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November 3, 2014
Vol. 1, Issue 6

In This Issue

November - CAL FIRE Greenhouse Gas Reduction Fund Forest Management Projects and State Responsibility Area Fire Prevention Grant Workshops. For more information, including specific dates and locations, go to

November 12 - 13
- 2014 CFPC Annual Meeting, "California Forest Health - Coping with Drought, Insects, and Pathogens," McClellan (near Sacramento). CEUs will be offered.  To register, go to  


November 18 - 20 - The Nevada Shade Tree Council "Arborist Certification Preparatory and Certified Arborist Review Series,"  Reno, NV. 7 CEUs per day. Optional ISA Certified Arborist Examination.  For more information, or to register, go to
The Collapse of California's Northern Bishop Pine Coastal Forests - It's Not too Late

Bishop pine (Pinus muricata) trees along coastal California have been on the decline for years. In some cases, entire tree stands have collapsed and lack any appreciable recruitment of new cohorts. A serotinous species, these pines rely on fire for  regeneration. With a number of large fires having occurred along the coast of Sonoma and Mendocino Counties following WWII, many of northern California's bishop pine stands are even aged, and they are nearing the end of their life cycle. These stands are being further stressed by disease, bark beetles, and thick understory vegetation and duff layers (caused from a lack of fire) that inhibit seed germination and recruitment. The planting of exotic Monterey pines has exasperated the situation in many areas as these 

Bishop pine coastal forest decline. By T. Scholars, College of the Redwoods
Northern coastal CA bishop pine stand.
 By T. Scholars, College of the Redwoods.

trees can serve as foci for the buildup of harmful insect and disease populations.  Additionally, P. muricata stands often grow on highly desirable development sites which are frequently cleared and repeatedly mowed to prevent vegetation regrowth, removing any pine sprouts that may emerge. 


Although California's northern coastal bishop pine stands are in crisis, there is still time to take steps that can slow and even limit the extent of the collapse. To learn more about what can be done, go to or contact Greg Giusti at      
California Forest Health Aerial Survey Results, 2014
Aerial surveys are conducted annually by the USDA Forest Service, Forest Health Protection in order map recent tree mortality and injury. The 2014 surveys took place from April 29th - September 11th and covered 44.4 million acres of California, including all National Forests (NF) and forested National Parks, along with other federal, state, and private lands. Mortality was mapped over approximately 909,000 acres with an estimated 3.3 million trees killed, roughly double 2013 levels.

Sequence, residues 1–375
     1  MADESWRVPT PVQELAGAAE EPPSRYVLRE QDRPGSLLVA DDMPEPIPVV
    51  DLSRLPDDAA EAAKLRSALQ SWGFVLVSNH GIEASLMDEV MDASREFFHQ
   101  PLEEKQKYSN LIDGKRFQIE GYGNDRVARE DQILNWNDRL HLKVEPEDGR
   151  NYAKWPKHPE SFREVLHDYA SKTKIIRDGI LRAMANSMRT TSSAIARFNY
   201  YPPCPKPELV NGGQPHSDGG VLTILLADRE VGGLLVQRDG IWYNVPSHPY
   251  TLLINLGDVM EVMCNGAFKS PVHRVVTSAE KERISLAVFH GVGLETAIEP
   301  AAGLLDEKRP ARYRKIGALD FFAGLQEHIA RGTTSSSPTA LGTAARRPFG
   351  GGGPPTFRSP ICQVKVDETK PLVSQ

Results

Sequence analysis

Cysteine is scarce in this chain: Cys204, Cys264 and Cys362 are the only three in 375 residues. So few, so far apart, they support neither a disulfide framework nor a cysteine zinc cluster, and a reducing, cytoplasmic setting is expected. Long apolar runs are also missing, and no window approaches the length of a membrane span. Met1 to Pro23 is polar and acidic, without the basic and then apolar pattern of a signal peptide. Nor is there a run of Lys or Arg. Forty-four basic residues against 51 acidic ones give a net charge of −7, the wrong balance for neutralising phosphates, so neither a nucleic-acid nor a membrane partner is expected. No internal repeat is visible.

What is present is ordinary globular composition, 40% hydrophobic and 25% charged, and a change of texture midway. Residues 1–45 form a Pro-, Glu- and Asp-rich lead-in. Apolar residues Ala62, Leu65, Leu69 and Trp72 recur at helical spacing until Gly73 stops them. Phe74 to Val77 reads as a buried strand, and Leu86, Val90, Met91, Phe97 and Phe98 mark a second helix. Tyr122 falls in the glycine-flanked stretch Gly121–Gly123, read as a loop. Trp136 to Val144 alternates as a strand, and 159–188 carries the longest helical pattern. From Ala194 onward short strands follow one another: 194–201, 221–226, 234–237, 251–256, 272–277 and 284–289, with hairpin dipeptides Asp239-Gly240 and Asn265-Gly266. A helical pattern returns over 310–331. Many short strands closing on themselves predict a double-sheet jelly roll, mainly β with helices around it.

Over 820,000 acres were mapped with bark beetle or wood borer mortality, up from 
Dead Trees Sequoia-Kings NP 2014. By Bob Noyes
Dead Trees Sequoia-Kings National Park.
By B. Noyes. 
350,000 acres last year. Fir engraver-related fir mortality increased to 460,000 acres compared to 129,000 acres in 2013. Pine mortality from western and mountain pine beetles increased in 2014, affecting about 260,000 and 220,000 acres, respectively. Jeffrey pine mortality attributed to Jeffrey pine beetle, pine engraver, California five-spined Ips, and California flat-headed borers increased to over 120,000 acres. Pinyon pine mortality increased to 58,000 acres (a large increase from 2013), and nearly 25,000 acres of elevated gray pine mortality were mapped. Coulter pine mortality increased over 10-fold to 13,000 acres. Pockets of Douglas-fir beetle-caused mortality mapped on the Plumas, Lassen, Shasta-Trinity, and Klamath NFs in 2013 did not appear  active in 2014; however, flat-headed fir borer affected almost 16,000 acres of Douglas-fir this year. Goldspotted oak borer-related oak mortality in San Diego County increased from previous years to about 2,600 acres. Despite new finds of sudden oak death (SOD) in Humboldt, Trinity, and Mendocino Counties, SOD-related oak and tanoak mortality overall in infested areas of California was lower than last year, affecting 28,700 acres compared to over 47,500 acres in 2013. Still, this is much higher than 2011 levels, when only 8,000 acres with elevated mortality were observed. Defoliation from Douglas-fir tussock moth was observed on the Plumas and Lassen NFs, affecting about 28,000 acres. Other damage was caused by pine scales, lodgepole needleminer, satin moth, and Jeffrey pine needleminer. About 227,000 acres of drought-related mortality, defoliation, early color change, and leaf drop in hardwoods (especially blue oak) were mapped.

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Have a safe and happy fall, and remember when buying wood for home heating this winter to buy from a local source - Buy It Where You Burn It.




Katie Harrell (formerly Palmieri)

Communications Director

California Forest Pest Council

California Forest Pest Council | (510) 847-5482 | |

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